Ostherr: Not quite yet. They did develop a consumer-facing electronic health record about 11 years ago, [Google Health], and that effort did not really succeed and it was closed. They filed a patent a couple of years ago for a new electronic health record that they’re actively developing. They’re doing research with health care systems right now to utilize their artificial intelligence that they’ve developed on electronic health records in order to show how they could bring together health data from outside of clinical settings with medical data from electronic health records to produce new insights that you couldn’t get from the electronic health record alone. Although they do not have a commercial product right now, they have filed the patent, and, in fact, they’ve been sued on the basis of the research they’ve conducted because of the moves that it’s making into producing these new electronic health records. It seems pretty clear that that’s a major direction they’re going in.

Wood: There’s other competition in that direction in the tech space, right? For this idea of electronic health records and integrating social data? Who would be Google’s competition for a product like that should they introduce it down the road? 

Ostherr: Amazon, for example, is developing technology to mine free text and electronic health records as well. Facebook just introduced a preventive health tool, and they are also working on artificial intelligence. Many of these companies, they may all have a slightly different angle, but the key practice is developing artificial intelligence tools that can mine different data sets for the purpose of medical analysis. Microsoft is doing this too, and there are many variations on the approach of producing an electronic health record. Some inside health care, some outside, some in more consumer-facing spaces, like pharmacies like CVS and Walgreens.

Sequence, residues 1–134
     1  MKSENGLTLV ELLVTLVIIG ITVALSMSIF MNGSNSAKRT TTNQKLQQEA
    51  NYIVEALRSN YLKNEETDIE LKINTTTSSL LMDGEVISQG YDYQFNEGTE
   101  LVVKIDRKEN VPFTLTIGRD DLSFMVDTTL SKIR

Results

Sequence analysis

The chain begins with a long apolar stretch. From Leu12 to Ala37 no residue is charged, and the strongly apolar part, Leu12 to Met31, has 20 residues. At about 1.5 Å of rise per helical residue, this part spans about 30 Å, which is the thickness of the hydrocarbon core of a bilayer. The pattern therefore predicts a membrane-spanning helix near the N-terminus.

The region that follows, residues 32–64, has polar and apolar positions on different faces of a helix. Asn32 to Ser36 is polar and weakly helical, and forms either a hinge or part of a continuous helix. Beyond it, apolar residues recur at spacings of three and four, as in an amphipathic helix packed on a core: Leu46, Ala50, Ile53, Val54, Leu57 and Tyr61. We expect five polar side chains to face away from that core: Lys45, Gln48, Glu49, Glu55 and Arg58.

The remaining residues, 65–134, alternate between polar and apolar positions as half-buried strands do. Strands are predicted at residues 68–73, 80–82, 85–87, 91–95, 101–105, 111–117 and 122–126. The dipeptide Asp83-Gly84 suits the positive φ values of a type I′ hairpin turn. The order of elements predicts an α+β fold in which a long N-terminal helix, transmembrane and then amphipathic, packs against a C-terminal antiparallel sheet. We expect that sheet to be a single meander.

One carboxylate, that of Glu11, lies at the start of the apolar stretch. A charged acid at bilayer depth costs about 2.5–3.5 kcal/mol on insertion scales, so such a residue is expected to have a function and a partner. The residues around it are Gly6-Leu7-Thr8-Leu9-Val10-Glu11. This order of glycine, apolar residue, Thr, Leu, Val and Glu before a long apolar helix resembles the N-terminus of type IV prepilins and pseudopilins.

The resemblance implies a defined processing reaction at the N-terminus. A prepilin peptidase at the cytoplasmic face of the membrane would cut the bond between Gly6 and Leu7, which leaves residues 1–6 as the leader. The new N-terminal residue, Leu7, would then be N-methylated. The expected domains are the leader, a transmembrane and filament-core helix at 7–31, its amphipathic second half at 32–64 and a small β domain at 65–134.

Wood: I feel like this data gets treated as very benign, even though there’s a minor awareness, or increase in awareness, that this is a valuable treasure trove. But even the coverage of this acquisition of Fitbit didn’t seem to get at this larger implication. I wonder, do you see regulators starting to look through this lens at this health data since this is such a growing field? 

Ostherr: Yes and no. Regulators are certainly looking at Big Tech through the lens of the monopoly question. For example, even with Facebook, there have been complaints filed with the [Federal Trade Commission] about the ways that Facebook violated user privacy. One of those complaints was specifically about health data privacy. In the ruling this past summer, when the FTC gave Facebook a huge fine, they actually completely ignored the health implications. They really responded in terms of privacy more than in terms of implications for health and medicine and the unique sensitivity of that data. I would say that there really hasn’t been anything like the attention that this activity deserves by regulators so far.

A Fitbit-sponsored community workout in 2016 in New York City. (Dave Kotinsky/Getty Images for Fitbit)

Related links: More insight from Molly Wood

Google introduced an electronic health records product called Google Health back in 2008. It never took off and was killed in 2011. Toward the end, Google Health had shifted its focus from just offering access to personal health records to tracking daily physical activity and health-related goals. In partnership with some wearables companies, Google introduced its own fitness tracking app in 2014. 

Kirsten Ostherr mentioned corporate wellness programs. Business Insider had a piece from Monday about how Fitbit lets Google get into the employee benefits market, which affects about 160 million Americans who get health insurance through work. The piece pointed out that better data — and even better health predictions — could have a huge impact on employer costs, insurance company costs and even patient health. But, as the piece noted, Google has had a “rocky history with health data privacy standards,” so consumers and regulators have to trust that their data won’t be abused before they’re ready to swallow the medicine.